My DJ 20 was made in China, discovered that on a Friday evening. Thought I would take it back on Monday. Tried it on weekend and kept it another 8 years. I get a kick out of people that complain of Asian/ Chinese crap. If it was not for the Asian countries we wouldn’t have our electronics to complain about the junk and would probably have no clothes to wear.

    Brian
    No, we'd still have all those things, but we wouldn't put up with them going out of date /becoming obsolete so quickly and we'd look after them better. We also wouldn't have such a disposable culture. We might be better off!

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  • Brian @ Muir
    replied
    My DJ 20 was made in China, discovered that on a Friday evening. Thought I would take it back on Monday. Tried it on weekend and kept it another 8 years. I get a kick out of people that complain of Asian/ Chinese crap. If it was not for the Asian countries we wouldn’t have our electronics to complain about the junk and would probably have no clothes to wear.

    Brian

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  • Leo Van Der Loo
    replied
    We still have Oneway building the best Wood turning lathes, wood chucks and sharpening setups, and yes quality does cost $$.

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  • rangerdave1
    replied
    When I bought my Delta unisaw and DJ20, I was excitted that they were american tools. After setting them up in my shop, I read the tags and saw that they were made in Taiwan. Those tools immediately never worked as a good as before...

    hard to find anything north american made these days. And when you can, the price certainly reflects it.

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  • al.m..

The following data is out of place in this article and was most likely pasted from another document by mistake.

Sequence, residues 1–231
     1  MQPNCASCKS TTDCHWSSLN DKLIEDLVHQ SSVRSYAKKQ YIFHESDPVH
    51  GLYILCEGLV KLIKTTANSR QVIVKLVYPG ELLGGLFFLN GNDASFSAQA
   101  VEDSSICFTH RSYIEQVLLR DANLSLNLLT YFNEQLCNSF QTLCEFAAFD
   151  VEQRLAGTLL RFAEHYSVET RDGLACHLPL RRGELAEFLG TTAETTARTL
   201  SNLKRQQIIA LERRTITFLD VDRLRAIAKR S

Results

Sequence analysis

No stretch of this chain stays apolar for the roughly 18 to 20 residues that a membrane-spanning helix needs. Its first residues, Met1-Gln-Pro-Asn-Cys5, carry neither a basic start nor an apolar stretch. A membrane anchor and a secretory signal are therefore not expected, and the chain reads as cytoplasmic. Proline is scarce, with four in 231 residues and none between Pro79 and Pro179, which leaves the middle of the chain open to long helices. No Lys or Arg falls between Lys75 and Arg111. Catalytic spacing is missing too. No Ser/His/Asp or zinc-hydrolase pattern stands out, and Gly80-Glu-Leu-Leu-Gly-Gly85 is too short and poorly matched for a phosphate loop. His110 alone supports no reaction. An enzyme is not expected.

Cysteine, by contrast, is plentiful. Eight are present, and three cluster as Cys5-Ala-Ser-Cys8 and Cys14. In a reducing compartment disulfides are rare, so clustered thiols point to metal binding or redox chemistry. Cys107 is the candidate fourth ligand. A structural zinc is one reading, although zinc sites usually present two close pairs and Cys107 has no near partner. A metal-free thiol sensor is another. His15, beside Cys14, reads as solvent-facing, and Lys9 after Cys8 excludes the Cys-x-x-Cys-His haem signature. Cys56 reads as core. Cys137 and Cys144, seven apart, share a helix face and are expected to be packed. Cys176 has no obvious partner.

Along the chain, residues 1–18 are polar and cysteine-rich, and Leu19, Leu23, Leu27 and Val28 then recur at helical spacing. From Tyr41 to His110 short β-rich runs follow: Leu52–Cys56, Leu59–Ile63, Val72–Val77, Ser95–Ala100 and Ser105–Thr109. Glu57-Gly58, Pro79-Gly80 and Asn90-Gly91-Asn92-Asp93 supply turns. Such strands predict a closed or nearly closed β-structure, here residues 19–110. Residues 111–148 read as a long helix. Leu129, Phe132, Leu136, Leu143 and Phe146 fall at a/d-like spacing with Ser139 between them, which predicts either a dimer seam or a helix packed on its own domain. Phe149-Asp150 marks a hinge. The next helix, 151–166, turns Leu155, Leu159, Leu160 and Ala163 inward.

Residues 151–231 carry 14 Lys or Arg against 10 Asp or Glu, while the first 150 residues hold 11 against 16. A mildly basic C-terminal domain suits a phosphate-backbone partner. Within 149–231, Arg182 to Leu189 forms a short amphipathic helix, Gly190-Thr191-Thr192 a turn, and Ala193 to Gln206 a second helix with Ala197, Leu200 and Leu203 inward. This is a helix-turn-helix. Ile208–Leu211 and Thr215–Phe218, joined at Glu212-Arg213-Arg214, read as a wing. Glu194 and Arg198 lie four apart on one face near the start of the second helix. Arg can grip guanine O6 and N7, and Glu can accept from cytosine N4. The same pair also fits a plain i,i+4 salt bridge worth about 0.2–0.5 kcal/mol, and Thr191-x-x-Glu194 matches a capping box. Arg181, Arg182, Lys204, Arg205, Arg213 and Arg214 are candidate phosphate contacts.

replied
    Perhaps a used euro slider,maybe with a tilting arbor shaper might be worth a look

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  • TedBrown
    replied
    NorthField Woodworking Machinery, established in 1920 in Northfield Minnesota; beyond expensive but about the best one can buy I have read.

    They have records of every machine they have made and will rebuild to specs most if not all of what they have made.

    http://northfieldwoodworking.com

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  • Canuck Bob
    replied
    I have accepted the inevitable. My research will be about the differences or lack of difference between readily available models that I'm interested in. Casual searching indicates satisfied customers for most brands and research will be fun.

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  • Rusty
    replied
    When you're dealing with machines in today's world you are going to be getting parts and pieces from all over the world no matter what machine you buy. Correct me if you think I'm wrong by all means, but make sure you thoroughly check before you speak. We went through this topic a couple of years ago and even the vaunted German/Austrian brands were only assembled from boxes of parts made in various locations and shipped to their final assembly location.